David Douglas leaders had already decided to implement restorative practices before they applied for the grant in July.
The grant, spread over five years, will allow the district to do more. David Douglas wants to certify teachers to set up model classrooms and be lead teachers in their schools. There will be half-day trainings specifically for bus drivers and cafeteria staff.
David Douglas leaders want the training to be ongoing, with coaching and feedback. The district plan includes sending staff to national conferences each of the five years.
The types of activities introduced Friday give teachers and students a license to have some fun and get to know each other as fellow humans. They promote student-to-teacher, teacher-to-student and student-to-student relationships.
Teachers and staff at the training said that building relationships was hardly a new concept but the training offered some helpful tips as well as encouragement, affirmation and a game plan.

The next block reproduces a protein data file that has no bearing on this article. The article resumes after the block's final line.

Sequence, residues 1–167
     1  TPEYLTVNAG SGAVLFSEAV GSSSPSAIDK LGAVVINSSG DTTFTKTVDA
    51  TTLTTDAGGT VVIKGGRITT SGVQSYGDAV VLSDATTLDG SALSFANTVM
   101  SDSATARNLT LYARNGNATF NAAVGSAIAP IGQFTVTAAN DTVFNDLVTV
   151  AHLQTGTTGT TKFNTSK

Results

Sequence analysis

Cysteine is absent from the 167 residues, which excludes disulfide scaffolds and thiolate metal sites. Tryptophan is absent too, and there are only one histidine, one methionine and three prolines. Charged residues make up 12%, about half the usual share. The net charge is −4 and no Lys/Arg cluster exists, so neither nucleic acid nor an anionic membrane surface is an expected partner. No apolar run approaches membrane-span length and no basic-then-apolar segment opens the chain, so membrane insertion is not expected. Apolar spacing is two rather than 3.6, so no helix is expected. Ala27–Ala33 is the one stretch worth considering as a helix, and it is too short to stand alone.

“We do so much of this,” said Fir Ridge Principal Amy Straw. “It’s just not formalized.”
The training group was chosen as likely good early adopters. Straw said she looked forward to the skills spreading to educators who are not as engaged.
Even among engaged teachers there was some trepidation. Teachers worry about losing learning time or control of the classroom.
“If you don’t have a relationship, you’ve already lost control,” Overton said. He said that when teachers build strong relationships, they can get students to do things they wouldn’t have done in the past. He said power struggles are already a loss of control.
He said he absolutely doesn’t want teachers to lose already too-scarce content time. He encouraged teachers to find dead zones in their day, such as transition times at the beginning or end of a period, and use those for quick connection efforts.
Student services administrator Florence Protopapas, one of the grant’s co-writers, said the trainings demonstrate real administrative support for building relationships.
“This brings the permission to take the time to get to know the kids,” she said.
- Jake Arnold, OSBA